[time-nuts] Bye-Bye Crystals
dan at irtelemetrics.com
Wed Mar 15 15:55:56 EDT 2017
If one prototypes any crystal oscillator, and runs it on a bench. Then
builds an 'oven' of sorts and runs it on the same bench. Would you
expect to see any improvement?
In other words for a given oscillator (crystal and electronics, etc),
will there be any improvements in an oven compared to not in an oven?
Or, are there other things that outweigh the gains by temp controlling
the whole thing.
Yeah, this is a pretty open question, but I don't really have a feel for
how good an oscillator needs to be before an oven starts to improve
On 3/15/2017 12:00 PM, time-nuts-request at febo.com wrote:
> Where do you plan on getting an OCXO grade crystal at an odd frequency like
> that? Much of the performance of a good OCXO is in the crystal. Doing a proper
> design on one is a lot of work. You *might* think that having a design for 5.000000
> MHz would give you a good design for 5.000050 MHz. I have empirical evidence that
> this isn’t the case. Many years later, I’m still utterly amazed that this is the way things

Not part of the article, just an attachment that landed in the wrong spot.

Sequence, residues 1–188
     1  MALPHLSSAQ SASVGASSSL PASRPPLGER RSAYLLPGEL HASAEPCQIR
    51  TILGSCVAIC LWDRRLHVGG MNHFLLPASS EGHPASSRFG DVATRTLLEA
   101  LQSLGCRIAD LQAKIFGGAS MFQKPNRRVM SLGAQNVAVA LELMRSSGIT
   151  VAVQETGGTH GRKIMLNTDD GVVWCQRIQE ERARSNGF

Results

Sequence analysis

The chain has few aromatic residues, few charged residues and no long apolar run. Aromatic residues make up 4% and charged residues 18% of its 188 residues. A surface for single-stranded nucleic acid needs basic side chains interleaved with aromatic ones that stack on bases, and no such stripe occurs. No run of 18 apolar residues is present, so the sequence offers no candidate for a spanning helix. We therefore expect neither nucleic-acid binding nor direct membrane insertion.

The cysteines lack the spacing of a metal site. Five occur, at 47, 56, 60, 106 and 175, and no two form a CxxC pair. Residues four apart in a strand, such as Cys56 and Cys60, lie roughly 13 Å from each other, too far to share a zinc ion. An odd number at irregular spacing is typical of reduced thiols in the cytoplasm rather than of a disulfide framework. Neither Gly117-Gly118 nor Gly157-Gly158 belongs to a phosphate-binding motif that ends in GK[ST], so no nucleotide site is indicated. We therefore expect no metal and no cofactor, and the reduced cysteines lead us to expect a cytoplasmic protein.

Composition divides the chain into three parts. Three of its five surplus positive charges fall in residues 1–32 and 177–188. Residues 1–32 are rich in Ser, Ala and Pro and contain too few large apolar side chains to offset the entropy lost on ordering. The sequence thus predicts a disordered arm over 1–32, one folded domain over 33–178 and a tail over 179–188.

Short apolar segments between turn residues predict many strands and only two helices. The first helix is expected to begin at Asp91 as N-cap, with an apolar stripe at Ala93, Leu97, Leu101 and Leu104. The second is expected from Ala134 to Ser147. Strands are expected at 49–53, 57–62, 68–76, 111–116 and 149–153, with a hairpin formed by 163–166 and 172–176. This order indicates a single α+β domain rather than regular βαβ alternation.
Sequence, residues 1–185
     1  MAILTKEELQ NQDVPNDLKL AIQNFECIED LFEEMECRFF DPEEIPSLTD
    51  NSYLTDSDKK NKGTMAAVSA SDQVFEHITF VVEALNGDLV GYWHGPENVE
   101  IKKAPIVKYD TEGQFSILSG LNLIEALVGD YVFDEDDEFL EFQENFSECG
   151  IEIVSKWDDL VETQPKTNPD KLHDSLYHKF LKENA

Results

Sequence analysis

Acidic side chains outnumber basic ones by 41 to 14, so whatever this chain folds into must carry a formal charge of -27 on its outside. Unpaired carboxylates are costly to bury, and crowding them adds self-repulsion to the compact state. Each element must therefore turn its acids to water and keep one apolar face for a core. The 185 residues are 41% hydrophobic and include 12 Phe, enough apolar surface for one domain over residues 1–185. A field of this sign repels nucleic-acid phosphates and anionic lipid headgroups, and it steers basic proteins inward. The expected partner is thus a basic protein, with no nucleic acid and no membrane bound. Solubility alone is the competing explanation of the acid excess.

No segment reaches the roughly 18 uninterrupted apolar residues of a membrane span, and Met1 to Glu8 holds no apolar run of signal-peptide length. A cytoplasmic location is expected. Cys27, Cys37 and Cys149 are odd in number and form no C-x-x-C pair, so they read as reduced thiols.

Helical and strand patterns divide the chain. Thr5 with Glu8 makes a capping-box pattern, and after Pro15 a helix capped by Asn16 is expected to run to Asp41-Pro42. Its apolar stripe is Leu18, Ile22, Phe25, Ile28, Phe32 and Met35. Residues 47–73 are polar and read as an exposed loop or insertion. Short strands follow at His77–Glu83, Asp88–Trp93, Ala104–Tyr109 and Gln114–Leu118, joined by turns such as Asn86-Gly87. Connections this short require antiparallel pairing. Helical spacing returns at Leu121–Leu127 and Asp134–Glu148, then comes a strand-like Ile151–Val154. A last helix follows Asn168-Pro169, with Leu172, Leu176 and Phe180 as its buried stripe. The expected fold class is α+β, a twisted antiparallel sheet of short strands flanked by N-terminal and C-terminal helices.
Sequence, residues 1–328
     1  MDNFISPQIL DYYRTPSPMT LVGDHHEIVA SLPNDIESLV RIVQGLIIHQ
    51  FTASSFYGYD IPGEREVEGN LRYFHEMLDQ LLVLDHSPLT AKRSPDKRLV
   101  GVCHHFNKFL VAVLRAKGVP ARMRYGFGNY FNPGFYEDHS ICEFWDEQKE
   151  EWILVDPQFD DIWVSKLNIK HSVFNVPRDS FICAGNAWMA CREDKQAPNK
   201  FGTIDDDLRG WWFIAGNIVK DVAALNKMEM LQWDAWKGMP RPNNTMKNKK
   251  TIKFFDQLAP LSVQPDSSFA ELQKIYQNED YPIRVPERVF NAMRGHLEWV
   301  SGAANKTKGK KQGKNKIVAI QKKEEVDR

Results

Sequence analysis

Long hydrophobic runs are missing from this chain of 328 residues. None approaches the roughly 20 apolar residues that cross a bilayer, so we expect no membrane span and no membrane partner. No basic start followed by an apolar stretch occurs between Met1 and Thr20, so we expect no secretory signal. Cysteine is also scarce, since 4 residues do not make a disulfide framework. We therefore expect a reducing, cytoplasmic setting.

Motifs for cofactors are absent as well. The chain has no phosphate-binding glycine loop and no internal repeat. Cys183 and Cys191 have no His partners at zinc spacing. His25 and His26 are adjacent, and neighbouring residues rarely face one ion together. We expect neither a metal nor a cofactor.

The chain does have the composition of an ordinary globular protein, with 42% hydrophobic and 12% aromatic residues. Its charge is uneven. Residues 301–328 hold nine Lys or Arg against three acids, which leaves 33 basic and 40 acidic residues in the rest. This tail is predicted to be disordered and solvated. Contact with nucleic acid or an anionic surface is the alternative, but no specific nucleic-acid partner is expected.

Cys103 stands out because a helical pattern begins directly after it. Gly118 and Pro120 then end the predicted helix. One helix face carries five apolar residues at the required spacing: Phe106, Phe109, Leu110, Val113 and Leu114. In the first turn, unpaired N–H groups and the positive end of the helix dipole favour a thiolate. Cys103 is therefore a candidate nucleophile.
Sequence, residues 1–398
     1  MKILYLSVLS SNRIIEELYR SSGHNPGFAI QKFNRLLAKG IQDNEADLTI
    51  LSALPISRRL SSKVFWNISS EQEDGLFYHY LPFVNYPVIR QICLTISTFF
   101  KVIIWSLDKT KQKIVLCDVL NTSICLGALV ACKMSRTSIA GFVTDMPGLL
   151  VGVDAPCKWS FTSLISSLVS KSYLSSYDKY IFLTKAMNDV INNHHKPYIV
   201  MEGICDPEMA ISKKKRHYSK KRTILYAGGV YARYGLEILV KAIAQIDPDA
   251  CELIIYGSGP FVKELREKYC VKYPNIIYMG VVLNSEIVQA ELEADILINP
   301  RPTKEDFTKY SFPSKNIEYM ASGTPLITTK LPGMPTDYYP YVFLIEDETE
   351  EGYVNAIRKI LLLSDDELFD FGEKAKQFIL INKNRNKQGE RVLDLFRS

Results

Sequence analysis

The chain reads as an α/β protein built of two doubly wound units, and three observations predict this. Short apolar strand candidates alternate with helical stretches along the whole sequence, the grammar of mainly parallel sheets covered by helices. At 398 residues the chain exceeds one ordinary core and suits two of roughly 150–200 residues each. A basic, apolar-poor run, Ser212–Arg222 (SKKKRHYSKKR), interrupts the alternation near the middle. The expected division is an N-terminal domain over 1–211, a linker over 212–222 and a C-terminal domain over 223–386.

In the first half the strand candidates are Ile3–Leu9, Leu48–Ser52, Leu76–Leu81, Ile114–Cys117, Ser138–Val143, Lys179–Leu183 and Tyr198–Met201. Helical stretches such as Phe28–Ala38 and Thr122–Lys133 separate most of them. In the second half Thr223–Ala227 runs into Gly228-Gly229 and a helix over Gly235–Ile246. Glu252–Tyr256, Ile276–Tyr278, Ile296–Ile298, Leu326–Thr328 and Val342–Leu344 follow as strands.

> work in the crystal business ….( = it’s not just a design issue, it’s also a business decision)
> More or less the crystal needs to be:
> 1) Cut specifically to have a turn at a temperature that makes sense for your application.
> 2) A “large blank” design (for it’s frequency)
> 3) In a cold weld package (most of the normal crystals are resistance weld)
> 4) Run through a high vacuum / high temperature process
> 5) Be plated with gold rather than something like silver or aluminum (unless it’s at VHF).
> 6) Have a motional capacitance that makes sense for your EFC range ( normally = minimize)
> 7) Preferably be an SC or modified SC cut.
> This is for a high stability part. The list does keep going on for a while, but that should
> give you a pretty good idea.
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